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One of the biggest complaints I hear as I travel around the world promoting Modern Application Development with WinJS is the lack of support for WinJS unit testing.  Those that follow this blog know that I am a huge proponent of unit testing, and some have even commented that I’ve been relatively dark on the subject when I write about WinJS development.

Well, I am proud to announce that the wait is over! With the latest release of JustCode, unit testing is a breeze!


My involvement began when I sat down with my good friend and fellow Teleriker Jeff Fritz at the MVP Summit to talk about QUnitMetro.  QUnitMetro is a fork of QUnit that was modified to specifically support Windows 8 Store/Modern applications.  (NOTE: Jeff created the fork when we were still calling Windows 8 Modern Applications “Metro”, and it’s really not worth renaming from an open source point of view).

We hacked up some quick unit tests, and the fork worked really well.  But I wanted more.  I wanted to be able to specify which tests to run, get a nice user interface displaying the results, rerun failed tests, etc.  Essentially I wanted everything that I currently have when I add unit tests to managed code.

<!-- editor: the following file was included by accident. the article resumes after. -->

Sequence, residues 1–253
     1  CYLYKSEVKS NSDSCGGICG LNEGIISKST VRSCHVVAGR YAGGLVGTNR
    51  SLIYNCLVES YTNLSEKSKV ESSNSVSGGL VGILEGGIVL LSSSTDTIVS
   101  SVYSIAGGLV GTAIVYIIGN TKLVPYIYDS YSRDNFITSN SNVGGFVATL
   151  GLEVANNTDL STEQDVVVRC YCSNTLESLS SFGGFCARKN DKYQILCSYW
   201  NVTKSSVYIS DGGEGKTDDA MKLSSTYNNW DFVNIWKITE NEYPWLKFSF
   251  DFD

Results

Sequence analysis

Joining Forces with the JustCode and Windows 8 Teams

One of the teams that I support as an Evangelist at Telerik is JustCode. I’ve had a long relationship with them, and we work very well together.  They have been extremely responsive in the past to my requests, so I of course immediately reached out to them to see if we could incorporate JustCode and QUnitMetro together.  Turns out they were already working on a solution.

Another team that I support is the Windows 8 HTML/WinJS team, so I reached out to them as well.  Turns out they too have a solution in place that is part of the Continuous Integration builds for the Windows 8 control suite.

The next logical step was to get everyone together in a room and work out some synergies.  That also turned out to be pretty easy, as they were already working together!  And here I thought I was bringing a whole new paradigm. Our teams are just that on top of everything!